Moscow in the 1930s: A Novel from the Archives reveals Moscow as it was in a bygone age, a city now found only on old maps, but an era that continues to haunt us today. The novel features a wide cast of characters, who are all tied together by the author herself.
The reader plunges into the remarkable Moscow literary scene of those days, and literature aficionados will encounter within a number of important locations for the history of Russian letters: the Dobrov house, Peredelkino, Lavrushinsky Lane, Borisoglebsky Lane – and also the names of legendary figures such as Olga Bessarabova, Maria Belkina, and Lydia Libedinskaya.
History is brought to life: the author introduces the reader to Leonid Andreyev, leads us on a tour of the side-streets and alleyways of the Arbat district, and shows us the tattered notebooks of Olga Bessarabova. All this has long since fallen away into history, but now it proves so easily accessible to us.
"Natalia Gromova brings a long gone Moscow to life, this is one of a number of books she has written using the same technique of real diaries and setting as a frame for her novels. I found this compelling if a slow read so much to absorb makes it a book that I will be rereading and discovering again." Winstonsdad's Blog
"Are you knowledgeable and passionate about Russian literature, art and music of the first half of the 20th century? If you are, this is the book for you, full of unexpected treasures." Edward James, Historical Novel Society
"Novelist and researcher Natalia Gromova draws upon extensive resources to produce this tale of exploring a version of Moscow that no longer exists. Using fiction as a tool for introducing a generation of literary legends to readers of today, Gromova writes herself into the story to serve as our guide to this now lost world." World Literature Today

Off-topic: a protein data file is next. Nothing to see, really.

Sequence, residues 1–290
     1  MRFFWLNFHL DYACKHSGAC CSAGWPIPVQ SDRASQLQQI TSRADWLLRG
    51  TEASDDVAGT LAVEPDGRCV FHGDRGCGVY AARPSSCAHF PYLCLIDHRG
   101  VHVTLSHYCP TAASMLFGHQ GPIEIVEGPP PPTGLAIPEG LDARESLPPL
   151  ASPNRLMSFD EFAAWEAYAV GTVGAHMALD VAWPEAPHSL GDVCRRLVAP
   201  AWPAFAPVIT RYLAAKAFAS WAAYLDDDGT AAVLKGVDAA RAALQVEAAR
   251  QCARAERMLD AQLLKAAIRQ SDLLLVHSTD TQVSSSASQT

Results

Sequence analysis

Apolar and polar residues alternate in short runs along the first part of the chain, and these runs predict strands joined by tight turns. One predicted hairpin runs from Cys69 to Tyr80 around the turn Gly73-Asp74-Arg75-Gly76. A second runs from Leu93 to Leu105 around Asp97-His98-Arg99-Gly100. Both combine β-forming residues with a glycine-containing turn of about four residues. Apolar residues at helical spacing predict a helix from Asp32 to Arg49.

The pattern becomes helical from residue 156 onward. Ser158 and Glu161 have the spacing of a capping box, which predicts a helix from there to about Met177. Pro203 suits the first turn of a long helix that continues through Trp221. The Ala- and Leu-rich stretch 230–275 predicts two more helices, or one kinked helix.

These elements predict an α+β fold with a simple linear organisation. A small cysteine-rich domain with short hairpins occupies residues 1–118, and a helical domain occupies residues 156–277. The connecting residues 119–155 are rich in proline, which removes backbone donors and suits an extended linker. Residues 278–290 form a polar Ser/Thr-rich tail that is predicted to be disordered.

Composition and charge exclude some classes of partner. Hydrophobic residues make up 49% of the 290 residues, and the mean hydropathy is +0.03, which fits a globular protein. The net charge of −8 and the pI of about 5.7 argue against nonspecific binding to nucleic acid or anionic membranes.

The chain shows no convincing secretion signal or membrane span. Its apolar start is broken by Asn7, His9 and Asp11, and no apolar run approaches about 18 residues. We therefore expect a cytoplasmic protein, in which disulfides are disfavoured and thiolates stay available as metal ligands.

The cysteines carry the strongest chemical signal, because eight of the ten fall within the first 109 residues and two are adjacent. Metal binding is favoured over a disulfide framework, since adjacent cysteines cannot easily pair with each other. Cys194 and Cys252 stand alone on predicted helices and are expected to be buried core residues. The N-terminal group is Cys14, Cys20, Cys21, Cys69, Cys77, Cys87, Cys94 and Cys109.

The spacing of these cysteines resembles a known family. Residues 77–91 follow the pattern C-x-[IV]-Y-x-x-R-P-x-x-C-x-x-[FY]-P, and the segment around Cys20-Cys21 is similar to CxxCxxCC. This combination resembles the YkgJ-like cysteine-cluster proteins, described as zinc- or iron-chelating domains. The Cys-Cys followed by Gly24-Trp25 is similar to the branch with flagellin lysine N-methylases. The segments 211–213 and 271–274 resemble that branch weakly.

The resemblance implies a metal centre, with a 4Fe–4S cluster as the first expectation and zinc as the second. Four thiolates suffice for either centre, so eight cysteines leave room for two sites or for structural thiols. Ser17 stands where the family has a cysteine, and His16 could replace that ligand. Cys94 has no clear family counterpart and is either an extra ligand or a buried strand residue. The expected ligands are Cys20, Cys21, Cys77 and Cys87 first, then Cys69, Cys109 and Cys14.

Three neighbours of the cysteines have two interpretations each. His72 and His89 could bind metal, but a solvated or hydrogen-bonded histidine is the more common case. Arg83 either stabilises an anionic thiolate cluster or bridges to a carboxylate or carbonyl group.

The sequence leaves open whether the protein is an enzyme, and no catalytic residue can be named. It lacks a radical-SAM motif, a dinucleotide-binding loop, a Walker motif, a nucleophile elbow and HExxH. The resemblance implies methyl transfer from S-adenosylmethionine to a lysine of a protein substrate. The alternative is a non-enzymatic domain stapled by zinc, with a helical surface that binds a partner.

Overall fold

"Impressively well written and a consistently compelling read from beginning to end, "Moscow in the 1930s" is an extraordinary and highly recommended addition to community and academic library Literary Fiction collections." Midwest Book Review
"As such, Moscow in the 1930s' charm, then, lies in how intimately it opens up the lives of some of Russia's most remarkable people. As someone who is still quite a novice when it comes to Russian literature, this novel feels like a great introduction to the works that sprang from this short yet tumultuous part of Russian history." Juli Witte, A universe in words
"Although Moscow in the 1930s is a difficult book to read, this tender homage to writers under Stalin provides an insight into a world that should not be forgotten." Lisa Hill, ANZ LitLovers LitBlog
Natalia Gromova was born into a military family in the Russian Far East in 1959 and moved to Moscow at an early age. At 16 she found employment at the State Historical Library. After completing her studies, she served as an editor on The Soviet Encyclopaedia, and later worked at the Marina Tsvetaeva Museum. Since the late 1990s, her exploration of the Russian archives and of private collections has resulted in a number of acclaimed historical and biographical studies focusing on the early 20th century and the war years.
Natalia Gromova is a writer and researcher specialising in the literary life of the 1920s – 1950s. Her books (The Knot. Poets: Friendships and Breakups, Wanderers of War. Memoirs of Writers’ Children and The Tablecloth of Lydia Libedinskaya) are based on private archives, diaries and face-to-face conversations with real people. She lives in Moscow.